wrote in
    news::

    > chuckcar <> wrote:
    >
    >>>>Only way to find out is by trying them - and staying away from
    >>>>"consumer" computers - you know the <$1000 name brand ones.

    >
    >>> That is very bad and wasteful advice.

    >
    >>Prove it.

    >
    > My Gateway 507GR. I purchased it because I didn't have an ATX power
    > supply. It was cheaper to buy the computer ($800) than to build one
    > because of it.
    >
    > That was 4 years ago last August, I have not had one problem with it
    > (software excluded).
    >
    > I Keep building it up (9800 GT video card, 2gigs ram) as it was a
    > basic computer and now I need a gaming computer. My next purchase is a
    > dual core for the mother board.
    >
    > Ironic - I just purchased a 600 watt ATX power supply to power the
    > video card :)
    >

    So you replaced an underpowered power supply, RAM and the video card.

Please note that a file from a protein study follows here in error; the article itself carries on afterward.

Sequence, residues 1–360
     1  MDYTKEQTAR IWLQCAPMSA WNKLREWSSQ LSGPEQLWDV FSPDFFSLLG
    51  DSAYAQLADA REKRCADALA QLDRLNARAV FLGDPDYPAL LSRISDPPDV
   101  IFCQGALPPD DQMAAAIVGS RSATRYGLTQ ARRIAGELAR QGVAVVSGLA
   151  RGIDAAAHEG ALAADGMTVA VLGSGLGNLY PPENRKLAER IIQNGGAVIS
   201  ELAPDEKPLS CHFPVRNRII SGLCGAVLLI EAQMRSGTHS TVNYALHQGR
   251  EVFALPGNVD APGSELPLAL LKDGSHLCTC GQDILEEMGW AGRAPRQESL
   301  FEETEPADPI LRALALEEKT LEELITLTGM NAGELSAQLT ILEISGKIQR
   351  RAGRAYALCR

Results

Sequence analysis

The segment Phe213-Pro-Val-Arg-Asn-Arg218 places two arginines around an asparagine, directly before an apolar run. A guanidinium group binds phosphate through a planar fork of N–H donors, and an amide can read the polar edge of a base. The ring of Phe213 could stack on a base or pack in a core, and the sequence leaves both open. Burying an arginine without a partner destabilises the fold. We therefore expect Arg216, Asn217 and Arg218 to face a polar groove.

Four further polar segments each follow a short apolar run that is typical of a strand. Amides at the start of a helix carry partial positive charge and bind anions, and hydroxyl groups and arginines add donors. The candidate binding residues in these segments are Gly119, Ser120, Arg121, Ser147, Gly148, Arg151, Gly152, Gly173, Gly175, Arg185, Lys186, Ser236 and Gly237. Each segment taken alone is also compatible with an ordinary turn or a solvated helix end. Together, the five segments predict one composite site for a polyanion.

Hardly the same computer then is it?

    --
    (setq (chuck nil) car(chuck) )
     
    chuckcar, Nov 5, 2008
    #10
  11. chuckcar

    Guest

    chuckcar <> wrote:

    > wrote in
    >news::
    >
    >> chuckcar <> wrote:
    >>
    >>>>>Only way to find out is by trying them - and staying away from
    >>>>>"consumer" computers - you know the <$1000 name brand ones.

    >>
    >>>> That is very bad and wasteful advice.

    >>
    >>>Prove it.

    >>
    >> My Gateway 507GR. I purchased it because I didn't have an ATX power
    >> supply. It was cheaper to buy the computer ($800) than to build one
    >> because of it.
    >>
    >> That was 4 years ago last August, I have not had one problem with it
    >> (software excluded).
    >>
    >> I Keep building it up (9800 GT video card, 2gigs ram) as it was a
    >> basic computer and now I need a gaming computer. My next purchase is a
    >> dual core for the mother board.
    >>
    >> Ironic - I just purchased a 600 watt ATX power supply to power the
    >> video card :)


    >>PROOF